ark of Kane
It's the one film sure to top the critics' Best Ever lists, and now CITIZEN KANE is back on the big screen in a new print. Words: Brian Donaldson
ls Citizen Kane the greatest film ever made? The publicity folks at RKO thought so at the time — ‘it‘s terrific!’ blazed the posters of Orson Welles‘s I94! directorial debut. The critics and public weren‘t so sure — the film lost $l50.000 — and the Oscar committee saw fit to bestow just the one statuette upon the film. And even that award. Original Screenplay for the writing team of Welles and Herman J. Mankiewicz. caused arguments over how much had been written by either party.
It has even been suggested that Citizen Kane should not be regarded as a Welles film. so paltry was his contribution. Yet. anyone who has seen his early storyboards for the unfilmed Heart Of Darkness can clearly see it as the prototype for the set of Xanadu. Charles Foster Kane‘s stately retiral home.
William Randolph Hearst. the megalomaniacal newspaper magnate on whom the film is more than loosely based. didn‘t go a bundle on it either. He even famously (or apochryphally. depending on how much you view Welles as an incurable storyteller) snubbed the offer of a couple of tickets to see the film when he perchanced to bump into the director in a hotel lift. Was Hearst miffed at the portrayal of a self-obsessed and boorish businessman with a black heart or at the rumour that ‘Rosebud‘ (Kane‘s dying word and the catalyst for the mystery which ensues) was actually the press baron‘s nickname for his lover Marion Davies’s pudenda?
Whatever the truth behind the film’s construction. one thing is certain — Citizen Kane remains one of the
towering and groundbreaking artistic achievements of
the century. Even if Welles‘ sole contribution was his performance as the eponymous ‘hero’. it is an astounding one — transforming himself from twentysomething Yale drop-out with money to burn. through to wheelchair-bound recluse counting his collectibles.
Told mainly in flashback. we see the life story of
Charles Foster Kane through several viewpoints — his second ex-wife Susan Alexander (the Davies character played by Dorothy Comingore). his business associates and closest friends Jed Leland (Joseph Cotton) and Bernstein (Everett Sloane). and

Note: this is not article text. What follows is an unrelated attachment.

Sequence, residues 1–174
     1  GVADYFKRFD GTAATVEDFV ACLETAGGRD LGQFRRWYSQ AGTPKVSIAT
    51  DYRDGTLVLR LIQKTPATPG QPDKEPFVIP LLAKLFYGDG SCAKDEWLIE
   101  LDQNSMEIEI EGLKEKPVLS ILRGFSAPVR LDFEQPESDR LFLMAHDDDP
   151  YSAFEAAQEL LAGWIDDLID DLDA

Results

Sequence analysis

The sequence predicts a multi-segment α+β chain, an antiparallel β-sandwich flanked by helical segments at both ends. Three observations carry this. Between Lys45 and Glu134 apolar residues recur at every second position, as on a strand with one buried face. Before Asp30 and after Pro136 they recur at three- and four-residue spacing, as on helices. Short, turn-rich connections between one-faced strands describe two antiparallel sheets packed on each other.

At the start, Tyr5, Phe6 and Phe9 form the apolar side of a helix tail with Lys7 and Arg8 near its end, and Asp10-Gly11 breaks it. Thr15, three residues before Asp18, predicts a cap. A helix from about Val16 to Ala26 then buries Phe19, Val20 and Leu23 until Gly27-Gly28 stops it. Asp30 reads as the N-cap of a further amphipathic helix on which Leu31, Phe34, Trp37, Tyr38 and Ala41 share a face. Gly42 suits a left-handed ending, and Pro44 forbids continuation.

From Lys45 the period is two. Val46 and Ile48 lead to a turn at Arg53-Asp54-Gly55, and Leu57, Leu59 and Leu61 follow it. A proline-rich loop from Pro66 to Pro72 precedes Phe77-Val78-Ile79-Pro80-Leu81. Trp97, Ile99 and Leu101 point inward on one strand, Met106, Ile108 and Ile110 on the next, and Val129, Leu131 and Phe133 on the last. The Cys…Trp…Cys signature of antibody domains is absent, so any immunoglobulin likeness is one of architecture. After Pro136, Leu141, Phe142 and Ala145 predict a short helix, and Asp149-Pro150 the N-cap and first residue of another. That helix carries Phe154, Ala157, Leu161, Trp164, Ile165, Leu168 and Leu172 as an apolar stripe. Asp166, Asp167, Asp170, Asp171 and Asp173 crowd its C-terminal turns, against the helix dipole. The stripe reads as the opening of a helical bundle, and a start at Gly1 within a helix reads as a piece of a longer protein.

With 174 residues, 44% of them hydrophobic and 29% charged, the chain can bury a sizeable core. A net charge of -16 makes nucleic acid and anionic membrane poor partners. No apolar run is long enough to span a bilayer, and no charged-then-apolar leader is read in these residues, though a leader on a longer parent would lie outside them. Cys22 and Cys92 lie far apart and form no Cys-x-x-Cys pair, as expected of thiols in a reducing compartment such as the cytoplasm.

22 THE LIST 27 May—IO Jun I999
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Citizen Kane remains one of the towering and groundbreaking artistic achievements of the
Mister sledge: Orson Welles in Citizen Kane
his unsentimental butler. Naturally enough. the views are conflicting and serve only to deepen rather than unravel the mystery behind his life in newspapers. politics and love. All of which have ultimately combined to render him a lonely death.
Still heavily influential on fans and filmmakers —Velret Goldmine is the most recent borrowing of the Kane structure — the film is still an astonishing work particularly considering it was a 25—year-old's debut feature. The sets (those oppressive ceilings). the lighting (those symbolic shadows) and Gregg Toland's cinematography (penetrating buildings or drifting towards the heavens) are distilled into a breathtaking two hours of cinema history.
And perhaps the Kane mystery has yet more twists to take. RK() 28/ is the forthcoming HBO/BBC feature from Ben Ross. telling the behind-the-scenes story of Welles‘ fight with Hearst to get Kane on screen. The film (named after the production number assigned to the project) stars Melanie Griffith. Fiona Shaw. John Malkovich. Brenda Blethyn and Roy Scheider. with Screanz‘s Licv Schreiber as Welles and Ridlcy Scott in the executive producer chair.
Citizen Kane goes on selected release from Fri 4 Jun; the re-edit of Orson Welles's Touch Of Evil is released in Scotland in July. The release of RKO 281 is still to be confirmed.
Lights, camera, action. . .
MATINEE IDLE, A new series of advice and networking events aimed at young Scottish filmmakers, kicks off on Sun 30 May with a discussion on psychological thriller Following and Next Wave Films.
An award-winner at this year's Rotterdam Film Festival, Following focuses on an obsessive writer who follows strangers through the streets of London. The film's lead actor and producer, Jeremy Theobald, and Next Wave Films’ UK representative, Liz Rosenthal, will be in Edinburgh to discuss how the film was made. Shot at weekends on a minuscule budget, Following was given finishing funds by Next Wave to allow for a 35mm blow-up and a new sound mix.
At the event, Rosenthal will explain how the Santa Monica- based company assists talented independent filmmakers through post-production and serves as a producer’s rep for films when approaching film festivals and distributors. They have also set up a production arm, Agenda 2000, for financing features shot on digital video. Next Wave Films can be contacted on LizRosen®aoLcom or 07957 342896.
The Matinee Idle event, run by Scottish filmmaking team The Sprocketeers, begins at 2pm on Sun 30 May at St Columba By The Castle, Johnston Terrace, Edinburgh. For information, call 0131 554 4539 or 07803 207619.
SCOTTISH OSCAR WINNER Seawards The Great Ships, a 1960 documentary about Clyde shipbuilding, is one of four films from the Scottish Film & Television Archives newly released on video. Also in this first batch from the ‘Films of Scotland' collection are The Big Mill (1963), which portrays steel production at Ravenscraig; a depiction of life in East Lothian in A View From The Bass (1963); and Young At Heart, in which actor Bill Simpson takes an affectionate look at the Hillman Imp. Each title costs £12.99 (plus p&p) from Scottish Screen on 0141 302 1742.
Riveting viewing: Seawards The Great Ships